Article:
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A Chinese Folk Tale

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There’s a fascinating old Chinese folk tale that I want to share with you.

From it, allow me to present you with a case study.

The Emperor’s jade cricket box was stolen from the imperial bedchamber. The chief of the guards had narrowed the suspects down to two palace servants. Because neither would confess, the Emperor decided to execute them both.

Then the court magician intervened. Through his magic arts, he would identify the true thief so that the innocent man could live. The Emperor consented and had both suspects brought into his courtyard.

The magician asked each servant to cut a stalk of bamboo. He then shoved the two bamboo stalks into the ground, exposing only the upper foot of each stalk. He then said, “Each bamboo now holds the spirit of the man who cut it.”

“The stalk cut by the guilty man will magically grow during the night. At dawn, when we return to this spot, one stalk will be exactly one inch longer than the stalk of the innocent man, and we will know which man stole the box.

Now here is the mystery: How did he identify the guilty servant at dawn?

At dawn everyone gathered once more and were amazed to see that one stalk was two inches longer.

The magician smiled and said, “The man with the shorter stalk is your thief.

The chief of the guards protested: “No, no. You said the man with the longer stalk!

The magician shook his head, “My magic was not needed.”

“The thief was afraid his stalk would grow and reveal his guilt. So he sneaked into the courtyard during the night and cut two inches off his own stalk: one inch to compensate for the magic, and one inch to implicate his fellow servant. By trying to hide his guilt, he had proven it.”

Now doesn’t this apply to our times today? Many people I know, in order to hide their guilt, simply prove they’re guilty. This makes me wonder all the time.

Successful people are guilty people who have the courage to admit their mistakes, fix them, and move on.

Losers are those who spend the same amount of time and energy covering up their mistakes. And, many times in doing so, they simply reveal it.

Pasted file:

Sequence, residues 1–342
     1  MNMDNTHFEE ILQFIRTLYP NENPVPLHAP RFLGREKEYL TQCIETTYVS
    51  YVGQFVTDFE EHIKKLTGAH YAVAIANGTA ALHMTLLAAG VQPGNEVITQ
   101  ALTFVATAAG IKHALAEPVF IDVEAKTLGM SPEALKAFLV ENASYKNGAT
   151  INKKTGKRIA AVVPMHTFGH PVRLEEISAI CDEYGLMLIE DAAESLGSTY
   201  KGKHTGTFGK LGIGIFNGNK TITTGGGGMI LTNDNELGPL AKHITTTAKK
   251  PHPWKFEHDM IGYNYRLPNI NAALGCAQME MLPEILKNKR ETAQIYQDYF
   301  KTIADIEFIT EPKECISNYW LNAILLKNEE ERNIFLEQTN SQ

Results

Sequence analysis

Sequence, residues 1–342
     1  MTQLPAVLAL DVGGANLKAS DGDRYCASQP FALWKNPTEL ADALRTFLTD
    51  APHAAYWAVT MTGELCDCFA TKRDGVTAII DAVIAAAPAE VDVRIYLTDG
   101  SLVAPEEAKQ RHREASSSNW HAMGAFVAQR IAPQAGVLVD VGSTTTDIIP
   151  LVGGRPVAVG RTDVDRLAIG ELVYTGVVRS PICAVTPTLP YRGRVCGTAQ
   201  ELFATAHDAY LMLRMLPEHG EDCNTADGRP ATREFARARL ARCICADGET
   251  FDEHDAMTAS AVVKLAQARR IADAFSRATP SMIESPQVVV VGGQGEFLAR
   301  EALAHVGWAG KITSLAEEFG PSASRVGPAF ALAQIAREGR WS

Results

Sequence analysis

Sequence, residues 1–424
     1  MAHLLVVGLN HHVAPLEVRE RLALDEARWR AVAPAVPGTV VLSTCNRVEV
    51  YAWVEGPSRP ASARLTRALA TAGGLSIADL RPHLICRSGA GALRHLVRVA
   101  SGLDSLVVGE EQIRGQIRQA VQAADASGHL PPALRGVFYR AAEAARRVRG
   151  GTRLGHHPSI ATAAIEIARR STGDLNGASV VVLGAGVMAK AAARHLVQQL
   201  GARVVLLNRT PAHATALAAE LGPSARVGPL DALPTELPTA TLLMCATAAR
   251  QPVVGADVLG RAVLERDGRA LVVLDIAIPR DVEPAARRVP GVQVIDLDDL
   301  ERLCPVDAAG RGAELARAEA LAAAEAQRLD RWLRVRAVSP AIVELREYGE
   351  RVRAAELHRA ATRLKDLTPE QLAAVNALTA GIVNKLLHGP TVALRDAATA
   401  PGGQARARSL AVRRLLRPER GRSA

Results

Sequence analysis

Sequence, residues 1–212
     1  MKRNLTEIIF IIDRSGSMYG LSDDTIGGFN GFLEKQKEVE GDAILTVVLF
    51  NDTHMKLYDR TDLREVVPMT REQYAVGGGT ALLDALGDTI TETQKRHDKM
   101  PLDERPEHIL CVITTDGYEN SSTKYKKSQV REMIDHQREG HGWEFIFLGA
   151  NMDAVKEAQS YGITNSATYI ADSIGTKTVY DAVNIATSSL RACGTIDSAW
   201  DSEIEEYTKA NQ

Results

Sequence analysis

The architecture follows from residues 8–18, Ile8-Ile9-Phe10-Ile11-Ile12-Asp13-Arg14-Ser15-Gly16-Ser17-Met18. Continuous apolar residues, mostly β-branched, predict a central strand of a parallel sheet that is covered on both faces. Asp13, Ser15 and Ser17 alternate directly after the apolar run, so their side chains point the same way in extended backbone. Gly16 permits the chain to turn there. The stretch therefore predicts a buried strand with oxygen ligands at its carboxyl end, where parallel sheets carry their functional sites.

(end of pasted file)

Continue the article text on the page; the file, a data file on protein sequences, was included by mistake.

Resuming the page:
I guess this is why I like going to church and I love meditating on the Word. I get to hear the message and it convicts me. I read God’s Word and it speaks to me.

Revealing my faults and defects, I can assure you it’s painful. But it’s a pain designed to heal not harm. I know I have to deal with it squarely and not to cover up for my mistakes. Over the years, I have concluded that it’s simpler, less complicated, and more effective.

So what do you do when you’re in church and the message begins to penetrate your being? Do you brush it off or do you face it squarely too?

Let me share with you a poem called “Pastor’s Sermon Aimed At ME.” Here’s how it goes.

My pastor shapes his sermons
From A to final Z,
In clear and forthright language
And aims them straight at me.
And when he gets to preaching,
I look around to see
If there might be another
Deserving more than me.
But every soul looks saintly
Their hearts to heaven turn
While I, in my conviction,
Can only sit and squirm.
You know, I often wonder
If I should miss a day;
Would he, without his target,
Have anything to say?

I guess Phillips Brooks was right. He said, “Keep clear of concealment, keep clear of the need of concealment. It is an awful hour when the first necessity of hiding anything comes.

“The whole life is different thenceforth. When there are questions to be feared, eyes to be avoided, and subjects that must not be touched, then the bloom of life is gone.”

Print ed: 08/11

 

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